The 30-stock average traded 148 points higher, or 0.6%, after falling more than 450 points earlier in the day. The S&P 500 climbed 0.3%. The Nasdaq Composite slid 0.2%. Both the S&P 500 and Nasdaq were down over 1% to start off the session.
Bank of America and JPMorgan Chase gained more than 2% each. Citigroup traded 1.7% higher while Wells Fargo advanced over 7%.
“This market is still in this muddle-through zone where you’re trying to understand how difficult will this economic environment be or is there an all-clear coming soon,” said Rob Haworth, senior investment strategist at U.S. Bank Wealth Management, noting the S&P 500 tested the lower end of its recent trading range.
Stocks sold off earlier in the day after the Labor Department reported a total of 2.981 million Americans filed unemployment insurance during the week ending May 9. The number came in worse than expectations of 2.7 million new claims, according to economists polled by Dow Jones.
The new claims also brought the coronavirus crisis total to nearly 36.5 million over the past two months, by far the biggest loss in U.S. history. A record of 20.5 million jobs were lost in April alone as the coronavirus-induced economic shutdown tore through the economy, sending the unemployment rate skyrocketing to 14.7%.
On Wednesday, stocks fell sharply after a stark warning from Federal Reserve Chairman Jerome Powell.
“While the economic response has been both timely and appropriately large, it may not be the final chapter, given that the path ahead is both highly uncertain and subject to significant downside risks,” he said, noting more needs to be done to support the economy amid the coronavirus pandemic.
Powell made his comments as several states begin to reopen their economies.
“There are a lot of variables in terms of really how the economy opens here. It’s going to be very uneven,” said Gregory Faranello, head of U.S. rates trading at AmeriVet Securities. In terms of additional efforts, Faranello said the Fed could implement some “yield curve control,” among other measures.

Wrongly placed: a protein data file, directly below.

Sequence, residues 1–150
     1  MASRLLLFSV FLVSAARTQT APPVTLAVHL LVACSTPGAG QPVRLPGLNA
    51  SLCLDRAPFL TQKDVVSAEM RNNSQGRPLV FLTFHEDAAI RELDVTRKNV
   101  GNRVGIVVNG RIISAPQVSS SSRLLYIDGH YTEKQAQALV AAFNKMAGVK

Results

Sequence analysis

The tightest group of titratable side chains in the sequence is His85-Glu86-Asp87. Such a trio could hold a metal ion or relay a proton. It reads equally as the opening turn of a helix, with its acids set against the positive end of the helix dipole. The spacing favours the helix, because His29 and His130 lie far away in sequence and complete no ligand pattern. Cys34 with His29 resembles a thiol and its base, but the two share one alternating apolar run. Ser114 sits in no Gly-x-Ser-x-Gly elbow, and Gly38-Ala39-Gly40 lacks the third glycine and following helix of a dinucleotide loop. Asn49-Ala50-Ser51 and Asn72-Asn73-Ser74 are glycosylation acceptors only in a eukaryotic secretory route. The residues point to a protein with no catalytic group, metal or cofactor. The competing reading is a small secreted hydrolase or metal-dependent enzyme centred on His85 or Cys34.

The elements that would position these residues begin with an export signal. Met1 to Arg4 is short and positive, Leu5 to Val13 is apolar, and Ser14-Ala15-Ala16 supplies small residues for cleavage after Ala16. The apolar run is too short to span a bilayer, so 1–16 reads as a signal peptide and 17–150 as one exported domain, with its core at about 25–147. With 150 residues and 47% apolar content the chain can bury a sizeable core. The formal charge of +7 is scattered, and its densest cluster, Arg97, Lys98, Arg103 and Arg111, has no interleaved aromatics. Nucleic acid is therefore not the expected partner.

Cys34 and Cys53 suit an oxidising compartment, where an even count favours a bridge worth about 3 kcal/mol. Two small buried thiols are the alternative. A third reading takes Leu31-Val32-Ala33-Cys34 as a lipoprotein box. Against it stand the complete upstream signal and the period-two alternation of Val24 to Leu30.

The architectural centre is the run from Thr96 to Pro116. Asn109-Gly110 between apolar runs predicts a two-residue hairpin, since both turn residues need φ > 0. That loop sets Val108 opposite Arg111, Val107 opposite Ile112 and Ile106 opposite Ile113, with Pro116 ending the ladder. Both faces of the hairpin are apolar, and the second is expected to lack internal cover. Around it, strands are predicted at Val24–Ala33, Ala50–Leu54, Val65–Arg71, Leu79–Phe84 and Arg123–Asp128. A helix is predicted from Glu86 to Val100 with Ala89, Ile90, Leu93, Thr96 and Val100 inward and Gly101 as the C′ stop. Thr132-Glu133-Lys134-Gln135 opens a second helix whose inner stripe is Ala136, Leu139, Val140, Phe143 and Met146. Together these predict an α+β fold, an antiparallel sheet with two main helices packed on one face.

“From a capital perspective and a leverage perspective, the Fed can grow the existing programs that they have online,” Faranello said.
Market sentiment was also dented after two major investors raised questions about the market’s current valuation. Appaloosa’s David Tepper told CNBC’s “Halftime Report” this is the second-most overvalued market he’s seen, behind only the one in 1999. Meanwhile, Stanley Druckenmiller of Duquesne Family Office said Tuesday said: “Risk-reward for equity is maybe as bad as I’ve seen it in my career.”
Nelson Peltz, CEO of Trian Partners, struck a much more optimistic tone on Thursday.
“This thing is not going to last forever,” he told CNBC’s “Halftime Report,” referring to the coronavirus outbreak. “There’re still loads of value in the market because the market is primarily a tech market.”
Despite the sharp losses this week, the S&P 500 remains more than 28% above its March 23 low. The Dow has also rallied more than 27% since then as shares of major tech companies surged.
“Those stocks that were doing well before all this are the ones that did well” after the initial sell-off, said Aaron Clark, portfolio manager at GW&K Investment Management. “It’s like the big get bigger and stronger.”
Still, Clark highlighted the uncertainty investors currently face, noting: “Nobody’s ever been through anything like this. … For now, we’re just hoping we’re finding the right businesses that can continue to grow and take share and come out stronger.”
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